As one of the most effective and safe pharmaceutical therapy for diabetes, metformin clumb his way up to being the first-line therapy drug for most people diagnosed with type 2 diabetes and a healthy pair of kidneys. In the U.S., 70% of the veterans are prescribed metformin, or Glucophage, to treat diabetes. Despite the benefits associated with this antihyperglycemic oral medicine, several studies reported the risk of vitamin B12 deficiency among the users. Because vitamin B12, also called cobalamin, is implicated in many biological functions inside the body (e.g. healthy nerve cells, formation of red blood cells), a lack of this vitamin may leave a person dealing with serious health threats.
According to a recent retrospective cohort study published in the Journal of the American Geriatrics Society, a good number of long-term metformin users are at greater risk of suffering from vitamin B12 deficiency compared to non-users. (Side note: older adults run a higher chance of vitamin B12 deficiency. That’s a double whammy!)
Researchers recruited veterans aged 50 years or older from the Veterans Affair Medical Center. The participants were divided into two groups, long-time metformin users (n = 3,687) and the comparison group (n = 13,258). Long-term metformin users are defined as veterans who are prescribed ≥ 500 mg of metformin, taken for six months or more. The comparison group includes non-diabetic veterans who are not prescribed antihyperglycemic pills.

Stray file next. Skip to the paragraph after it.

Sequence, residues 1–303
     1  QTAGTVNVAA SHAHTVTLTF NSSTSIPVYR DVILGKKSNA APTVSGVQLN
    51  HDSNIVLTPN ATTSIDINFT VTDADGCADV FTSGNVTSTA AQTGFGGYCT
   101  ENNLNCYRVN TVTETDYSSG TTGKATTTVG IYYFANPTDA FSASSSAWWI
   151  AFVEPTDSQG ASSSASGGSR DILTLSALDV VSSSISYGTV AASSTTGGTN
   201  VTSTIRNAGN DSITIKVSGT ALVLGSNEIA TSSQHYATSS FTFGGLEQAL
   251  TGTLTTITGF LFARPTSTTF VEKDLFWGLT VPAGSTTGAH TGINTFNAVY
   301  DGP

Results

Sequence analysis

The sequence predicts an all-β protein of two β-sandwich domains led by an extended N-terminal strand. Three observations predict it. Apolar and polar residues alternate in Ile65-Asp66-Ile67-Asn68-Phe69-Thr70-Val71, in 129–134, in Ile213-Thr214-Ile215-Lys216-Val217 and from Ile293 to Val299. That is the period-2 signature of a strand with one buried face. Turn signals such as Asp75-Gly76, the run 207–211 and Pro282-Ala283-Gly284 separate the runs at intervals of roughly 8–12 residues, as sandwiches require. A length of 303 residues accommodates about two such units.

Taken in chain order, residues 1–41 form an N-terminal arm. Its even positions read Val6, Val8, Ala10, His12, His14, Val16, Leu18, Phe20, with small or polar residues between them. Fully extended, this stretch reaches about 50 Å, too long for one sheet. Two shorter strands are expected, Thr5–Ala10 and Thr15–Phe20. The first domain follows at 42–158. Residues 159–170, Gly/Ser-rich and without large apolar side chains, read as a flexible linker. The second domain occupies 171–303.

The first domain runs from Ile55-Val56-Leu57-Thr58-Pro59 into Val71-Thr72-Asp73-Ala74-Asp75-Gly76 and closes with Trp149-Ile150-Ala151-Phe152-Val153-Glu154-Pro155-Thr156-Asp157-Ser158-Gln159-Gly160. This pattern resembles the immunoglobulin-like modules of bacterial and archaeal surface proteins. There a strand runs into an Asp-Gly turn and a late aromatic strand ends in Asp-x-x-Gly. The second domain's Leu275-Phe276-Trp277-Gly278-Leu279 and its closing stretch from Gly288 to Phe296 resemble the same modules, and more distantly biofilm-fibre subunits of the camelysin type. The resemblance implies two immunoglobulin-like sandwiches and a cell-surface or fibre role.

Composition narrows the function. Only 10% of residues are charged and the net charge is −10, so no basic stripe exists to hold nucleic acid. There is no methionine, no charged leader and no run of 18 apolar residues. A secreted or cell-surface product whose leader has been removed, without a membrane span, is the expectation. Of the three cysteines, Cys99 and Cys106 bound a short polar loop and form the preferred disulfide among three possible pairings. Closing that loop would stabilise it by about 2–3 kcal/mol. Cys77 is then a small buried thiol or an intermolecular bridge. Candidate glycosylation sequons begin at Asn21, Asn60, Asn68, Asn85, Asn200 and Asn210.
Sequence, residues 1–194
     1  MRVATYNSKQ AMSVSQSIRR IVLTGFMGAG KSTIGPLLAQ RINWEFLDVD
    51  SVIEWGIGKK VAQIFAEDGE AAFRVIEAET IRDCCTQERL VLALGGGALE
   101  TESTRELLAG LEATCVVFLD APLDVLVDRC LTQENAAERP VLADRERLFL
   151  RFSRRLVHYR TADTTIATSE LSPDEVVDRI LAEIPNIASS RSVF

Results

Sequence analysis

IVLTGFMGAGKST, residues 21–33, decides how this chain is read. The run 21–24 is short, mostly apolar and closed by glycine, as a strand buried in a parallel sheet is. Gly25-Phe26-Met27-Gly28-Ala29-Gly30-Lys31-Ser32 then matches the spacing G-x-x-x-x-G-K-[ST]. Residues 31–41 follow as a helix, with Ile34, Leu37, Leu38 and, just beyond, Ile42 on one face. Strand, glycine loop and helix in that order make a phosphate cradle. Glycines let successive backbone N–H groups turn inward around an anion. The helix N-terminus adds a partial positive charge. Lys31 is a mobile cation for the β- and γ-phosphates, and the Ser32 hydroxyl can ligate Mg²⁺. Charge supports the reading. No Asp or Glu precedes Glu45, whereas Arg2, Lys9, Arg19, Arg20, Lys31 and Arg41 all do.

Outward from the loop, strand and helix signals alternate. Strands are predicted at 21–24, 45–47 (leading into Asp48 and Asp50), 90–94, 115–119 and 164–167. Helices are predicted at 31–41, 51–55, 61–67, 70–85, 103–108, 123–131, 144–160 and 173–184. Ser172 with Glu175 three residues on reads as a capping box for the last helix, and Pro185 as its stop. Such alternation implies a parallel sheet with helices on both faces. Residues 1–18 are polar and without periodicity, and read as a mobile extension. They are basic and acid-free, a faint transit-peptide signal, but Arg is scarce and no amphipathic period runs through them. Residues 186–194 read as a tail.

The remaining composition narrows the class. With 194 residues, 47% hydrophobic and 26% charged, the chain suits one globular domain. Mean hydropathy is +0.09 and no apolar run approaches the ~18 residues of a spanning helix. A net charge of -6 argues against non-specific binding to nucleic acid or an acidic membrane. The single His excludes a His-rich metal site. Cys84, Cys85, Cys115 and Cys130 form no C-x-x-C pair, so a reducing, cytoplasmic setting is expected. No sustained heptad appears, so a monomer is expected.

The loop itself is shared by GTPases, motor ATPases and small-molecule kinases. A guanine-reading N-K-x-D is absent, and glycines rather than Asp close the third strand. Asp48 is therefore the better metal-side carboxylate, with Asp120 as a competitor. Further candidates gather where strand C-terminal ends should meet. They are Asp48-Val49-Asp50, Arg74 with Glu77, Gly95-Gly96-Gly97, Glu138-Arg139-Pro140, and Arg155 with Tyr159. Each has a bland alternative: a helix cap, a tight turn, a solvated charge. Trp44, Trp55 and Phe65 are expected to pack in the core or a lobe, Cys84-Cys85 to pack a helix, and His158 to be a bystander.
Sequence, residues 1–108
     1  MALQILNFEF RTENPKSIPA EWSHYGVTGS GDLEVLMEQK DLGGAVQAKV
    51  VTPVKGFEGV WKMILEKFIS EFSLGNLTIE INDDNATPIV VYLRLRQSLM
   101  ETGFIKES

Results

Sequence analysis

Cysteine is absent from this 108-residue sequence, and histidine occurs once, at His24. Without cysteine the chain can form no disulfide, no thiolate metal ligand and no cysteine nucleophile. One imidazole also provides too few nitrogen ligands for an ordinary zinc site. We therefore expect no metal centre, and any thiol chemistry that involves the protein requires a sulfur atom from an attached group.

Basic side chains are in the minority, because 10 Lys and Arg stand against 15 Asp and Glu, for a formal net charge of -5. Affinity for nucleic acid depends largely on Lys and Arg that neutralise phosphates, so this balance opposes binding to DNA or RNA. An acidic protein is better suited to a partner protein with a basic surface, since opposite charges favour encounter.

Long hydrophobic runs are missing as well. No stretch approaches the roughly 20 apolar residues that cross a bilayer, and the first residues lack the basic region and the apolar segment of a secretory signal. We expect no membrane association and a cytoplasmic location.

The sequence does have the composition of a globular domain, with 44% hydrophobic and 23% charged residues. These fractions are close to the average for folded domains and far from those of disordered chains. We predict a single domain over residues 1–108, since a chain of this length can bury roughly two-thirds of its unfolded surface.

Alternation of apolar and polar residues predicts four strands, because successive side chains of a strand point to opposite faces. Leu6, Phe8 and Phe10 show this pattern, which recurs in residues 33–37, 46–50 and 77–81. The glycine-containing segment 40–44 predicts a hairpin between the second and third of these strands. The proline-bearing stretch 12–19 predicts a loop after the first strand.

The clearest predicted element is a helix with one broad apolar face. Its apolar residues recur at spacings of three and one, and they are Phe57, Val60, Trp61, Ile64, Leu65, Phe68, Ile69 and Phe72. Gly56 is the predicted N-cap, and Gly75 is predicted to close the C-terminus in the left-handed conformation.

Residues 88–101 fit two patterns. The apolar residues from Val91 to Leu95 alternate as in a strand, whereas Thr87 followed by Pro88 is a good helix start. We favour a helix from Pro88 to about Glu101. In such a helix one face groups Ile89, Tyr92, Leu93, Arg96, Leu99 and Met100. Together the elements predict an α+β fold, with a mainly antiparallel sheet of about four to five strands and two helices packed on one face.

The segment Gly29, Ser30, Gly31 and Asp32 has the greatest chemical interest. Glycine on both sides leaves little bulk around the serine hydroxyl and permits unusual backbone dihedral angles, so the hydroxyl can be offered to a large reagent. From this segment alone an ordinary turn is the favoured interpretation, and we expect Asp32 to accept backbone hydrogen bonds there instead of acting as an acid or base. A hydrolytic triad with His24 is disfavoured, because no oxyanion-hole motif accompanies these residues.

The average serum B12 levels of metformin users are below that of the comparison group. However, less than 40% of them undergo assessment for vitamin B12 status. Old veterans between the age of 50 and 59 and over 80 are up to 3.1 times less likely to be tested for vitamin B12 status than the comparison group. Similar results have been reported in other studies as well.
A lack of vitamin B12 can result in peripheral neuropathy (nerve damage) often seen in people with diabetes. As medical care providers quickly associate symptoms of neuropathy to diabetic neuropathy, some of them may fail to thread the connection to B12 deficiency. It would totally suck to miss this diagnosis since B12 deficiency is a reversible condition and easily treated.
B12 concentrations can start to degrade just after 6 months of using metformin. However, clinical manifestations and complete depletion often takes 2 to 5 years.
What the ADA says
In the latest clinical guidelines published by the American Diabetes Association (2016), the scientific committee recognizes the link between the use of metformin and the risk of vitamin B12 deficiency. Hence, they recommend that “periodic measurement of vitamin B12 levels should be considered in metformin-treated patients, especially in those with anemia or peripheral neuropathy.”
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Standards of Medical Care in Diabetes—2017 Abridged for Primary Care Providers. URL Link. Accessed February 27, 2017.